How to Become a Psychiatrist

Updated on January 15, 2024


Becoming a psychiatrist takes many years of education and training, but it’s a rewarding career helping people improve their mental health. First and foremost, you must complete a bachelor’s degree, typically four years, in a field like psychology or biology to gain foundational knowledge about human behavior and the brain. Next, you’ll need to attend medical school and earn your MD, which takes another four years. After that comes a four-year psychiatric residency where you receive specialized training under the supervision of experienced psychiatrists. Additionally, some choose to pursue a fellowship for an extra year or more of training in a psychiatric subspecialty. With dedication and many years of education, you’ll be well prepared for a meaningful career as a psychiatrist.

What is a Psychiatrist?

A psychiatrist is a medical doctor who specializes in the diagnosis, treatment, and prevention of mental health disorders and emotional problems. Psychiatrists have extensive medical training, including attending medical school and completing a four-year psychiatry residency program [1].

After finishing medical school, prospective psychiatrists must complete a four-year residency program to gain specialized training in treating mental health conditions. Residency involves assessing and diagnosing patients, developing treatment plans, prescribing medications, and providing therapy under the supervision of experienced psychiatrists.

Evaluating and Diagnosing Patients

A key role of psychiatrists is evaluating and diagnosing mental illnesses and conditions such as depression, anxiety disorders, bipolar disorder, schizophrenia, and addiction. They conduct psychiatric evaluations, asking patients about their symptoms, thoughts, feelings, medical history, and family history. Based on the evaluation, they determine if a mental health disorder is present and make an accurate diagnosis.

What do Psychiatrists do?

Psychiatrists are medical doctors who specialize in the diagnosis, treatment, and prevention of mental health disorders. Their day-to-day responsibilities typically involve:

Educational Requirements for Becoming a

Earn a Bachelor’s Degree

The first step to becoming a psychiatrist is earning a bachelor’s degree from an accredited university. Some common majors for aspiring psychiatrists include psychology, biology, neuroscience, or pre-med. However, you can major in anything as long as you complete all the prerequisite courses for medical school. These usually include biology, chemistry, physics, math, and English.

Attend Medical School

After obtaining their bachelor’s degree, future psychiatrists must attend and graduate from an accredited medical school and earn their medical degree (MD). While in medical school, students take courses in anatomy, physiology, pharmacology, pathology, medical ethics, and various specialties like psychiatry. In the latter years, medical students participate in clinical rotations, gaining hands-on training and experience treating patients.

The Association of American Medical Colleges provides a searchable database of accredited MD programs in the United States.

Complete a Psychiatry Residency

Following medical school, prospective psychiatrists enter a four-year psychiatry residency program where they receive specialized training in diagnosing, treating, and preventing mental illnesses. Residency provides supervised clinical training under licensed psychiatrists in hospital and community settings. The American Board of Psychiatry and Neurology has more details on residency requirements:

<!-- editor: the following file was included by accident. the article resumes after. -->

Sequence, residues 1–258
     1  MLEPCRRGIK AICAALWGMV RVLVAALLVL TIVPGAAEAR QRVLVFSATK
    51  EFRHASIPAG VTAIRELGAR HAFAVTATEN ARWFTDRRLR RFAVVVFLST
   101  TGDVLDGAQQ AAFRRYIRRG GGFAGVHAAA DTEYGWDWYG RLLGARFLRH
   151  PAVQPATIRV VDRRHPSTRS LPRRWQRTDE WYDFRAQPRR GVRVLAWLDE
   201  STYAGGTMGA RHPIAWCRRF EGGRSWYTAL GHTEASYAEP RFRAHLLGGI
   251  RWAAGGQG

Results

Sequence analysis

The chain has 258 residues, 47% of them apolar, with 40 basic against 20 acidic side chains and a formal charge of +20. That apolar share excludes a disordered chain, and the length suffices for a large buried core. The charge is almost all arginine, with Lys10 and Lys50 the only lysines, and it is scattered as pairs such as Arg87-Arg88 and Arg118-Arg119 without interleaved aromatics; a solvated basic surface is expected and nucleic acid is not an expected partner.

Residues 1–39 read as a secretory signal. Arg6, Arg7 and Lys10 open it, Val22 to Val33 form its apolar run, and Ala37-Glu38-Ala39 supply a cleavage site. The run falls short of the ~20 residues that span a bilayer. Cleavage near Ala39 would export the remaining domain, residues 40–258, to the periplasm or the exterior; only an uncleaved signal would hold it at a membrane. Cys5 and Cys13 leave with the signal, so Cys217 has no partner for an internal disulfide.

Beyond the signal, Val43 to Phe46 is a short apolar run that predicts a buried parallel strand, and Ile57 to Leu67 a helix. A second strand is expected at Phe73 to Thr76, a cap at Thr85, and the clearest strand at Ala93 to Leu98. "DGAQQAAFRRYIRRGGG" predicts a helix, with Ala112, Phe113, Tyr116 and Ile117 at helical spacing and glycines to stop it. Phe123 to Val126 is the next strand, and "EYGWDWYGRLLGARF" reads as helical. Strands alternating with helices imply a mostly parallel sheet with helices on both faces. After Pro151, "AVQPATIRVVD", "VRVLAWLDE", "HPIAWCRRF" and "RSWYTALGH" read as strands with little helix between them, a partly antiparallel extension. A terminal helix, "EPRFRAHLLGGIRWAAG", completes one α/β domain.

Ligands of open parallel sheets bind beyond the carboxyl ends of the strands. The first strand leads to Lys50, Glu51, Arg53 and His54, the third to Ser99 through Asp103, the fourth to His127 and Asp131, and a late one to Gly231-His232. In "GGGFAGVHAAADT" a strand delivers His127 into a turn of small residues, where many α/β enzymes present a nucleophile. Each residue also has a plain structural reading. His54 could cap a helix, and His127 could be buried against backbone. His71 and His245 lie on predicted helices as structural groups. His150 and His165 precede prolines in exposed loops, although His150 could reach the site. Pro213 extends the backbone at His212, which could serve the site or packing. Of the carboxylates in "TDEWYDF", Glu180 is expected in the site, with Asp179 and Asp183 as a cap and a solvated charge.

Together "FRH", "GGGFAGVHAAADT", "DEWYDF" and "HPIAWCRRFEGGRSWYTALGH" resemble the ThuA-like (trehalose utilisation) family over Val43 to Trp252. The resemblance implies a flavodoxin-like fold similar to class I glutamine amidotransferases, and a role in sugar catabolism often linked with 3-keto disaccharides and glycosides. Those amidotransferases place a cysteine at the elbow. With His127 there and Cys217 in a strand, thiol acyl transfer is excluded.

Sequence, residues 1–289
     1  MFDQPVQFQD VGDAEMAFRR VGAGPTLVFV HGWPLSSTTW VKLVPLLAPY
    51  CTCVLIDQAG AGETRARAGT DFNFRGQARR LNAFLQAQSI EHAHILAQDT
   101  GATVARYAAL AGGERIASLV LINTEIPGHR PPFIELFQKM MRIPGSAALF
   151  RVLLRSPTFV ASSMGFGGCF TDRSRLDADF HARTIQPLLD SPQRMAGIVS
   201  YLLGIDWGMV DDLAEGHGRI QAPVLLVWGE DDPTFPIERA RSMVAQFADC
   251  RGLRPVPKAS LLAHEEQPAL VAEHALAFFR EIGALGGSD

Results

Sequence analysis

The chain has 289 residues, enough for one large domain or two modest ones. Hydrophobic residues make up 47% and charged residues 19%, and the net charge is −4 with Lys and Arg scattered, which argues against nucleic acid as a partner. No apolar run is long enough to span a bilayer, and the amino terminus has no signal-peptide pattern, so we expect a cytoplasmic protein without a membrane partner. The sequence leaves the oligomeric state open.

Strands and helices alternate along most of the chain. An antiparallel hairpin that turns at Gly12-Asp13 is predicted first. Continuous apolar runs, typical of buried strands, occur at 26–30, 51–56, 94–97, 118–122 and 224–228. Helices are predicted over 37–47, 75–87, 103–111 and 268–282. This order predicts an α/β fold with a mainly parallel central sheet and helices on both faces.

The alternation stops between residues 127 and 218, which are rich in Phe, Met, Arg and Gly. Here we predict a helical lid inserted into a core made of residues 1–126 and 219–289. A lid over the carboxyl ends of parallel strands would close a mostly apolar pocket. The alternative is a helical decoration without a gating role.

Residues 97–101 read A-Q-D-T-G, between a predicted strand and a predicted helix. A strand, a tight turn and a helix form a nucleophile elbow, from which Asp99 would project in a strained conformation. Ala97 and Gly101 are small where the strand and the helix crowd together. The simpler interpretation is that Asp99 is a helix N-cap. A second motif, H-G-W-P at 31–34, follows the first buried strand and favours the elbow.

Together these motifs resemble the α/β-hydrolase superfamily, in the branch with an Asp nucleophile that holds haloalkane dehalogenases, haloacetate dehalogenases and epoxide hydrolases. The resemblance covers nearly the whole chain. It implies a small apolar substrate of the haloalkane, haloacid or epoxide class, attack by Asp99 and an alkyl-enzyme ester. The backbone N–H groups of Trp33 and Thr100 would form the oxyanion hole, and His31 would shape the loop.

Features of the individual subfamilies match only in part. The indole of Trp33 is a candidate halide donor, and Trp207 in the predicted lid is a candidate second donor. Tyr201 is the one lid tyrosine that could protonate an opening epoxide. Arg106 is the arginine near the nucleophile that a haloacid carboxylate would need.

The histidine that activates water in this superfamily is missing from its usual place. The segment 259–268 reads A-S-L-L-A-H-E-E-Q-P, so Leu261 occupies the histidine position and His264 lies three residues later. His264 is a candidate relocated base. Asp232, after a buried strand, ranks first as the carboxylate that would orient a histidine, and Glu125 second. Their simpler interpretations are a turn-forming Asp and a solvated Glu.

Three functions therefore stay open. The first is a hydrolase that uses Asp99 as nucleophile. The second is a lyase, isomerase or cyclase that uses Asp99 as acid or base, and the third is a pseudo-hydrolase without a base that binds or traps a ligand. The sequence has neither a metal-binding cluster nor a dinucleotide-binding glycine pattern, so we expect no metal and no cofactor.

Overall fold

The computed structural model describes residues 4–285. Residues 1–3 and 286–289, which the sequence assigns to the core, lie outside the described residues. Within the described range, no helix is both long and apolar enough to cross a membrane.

Postgraduate Training for Psychiatrist

Becoming a psychiatrist requires significant postgraduate training beyond medical school. Here are the main steps:

Skills and Qualities of a Successful Psychiatrist

Becoming a successful psychiatrist requires having certain skills and personal qualities that allow you to effectively treat patients. Some of the most important skills and qualities include:

Communication Skills

Excellent communication skills are vital for psychiatrists. You need to be able to actively listen to patients, build rapport, and ask probing questions to understand their conditions. Clear communication also allows you to explain diagnoses, treatment options, and instructions to patients. Being able to adjust your communication style to connect with diverse patients is key.


Showing empathy, compassion, and concern for patients facilitates trust and open dialogues. Patients need to feel heard and understood. As a psychiatrist, you must connect with patients on an emotional level to grasp their perspectives and experiences.

Problem-Solving Skills

Psychiatrists need strong analytical and problem-solving skills to evaluate patient information and determine accurate diagnoses and treatment plans. This involves assessing symptoms, risk factors, medical histories, and behavioral patterns. Critical thinking helps psychiatrists choose optimal evidence-based interventions for each patient’s needs.


Effectively treating mental health disorders often takes time and several treatment approaches. Psychiatrists must have patience throughout long-term treatment processes. Being patient also enables you to respond compassionately to patients in crisis or emotional distress.


Persistence and perseverance are vital for psychiatrists to withstand the emotionally taxing nature of the job. Constructively coping with setbacks and difficult patient cases is key. Continuously striving to improve treatment plans and help patients recover also requires perseverance.

Cultural Competence

Psychiatrists need cultural competence to provide inclusive care to diverse populations. This involves understanding how cultural backgrounds influence patients’ mental health experiences, perspectives of illness, and treatment expectations. Adapting approaches to align with patients’ cultural needs leads to better outcomes.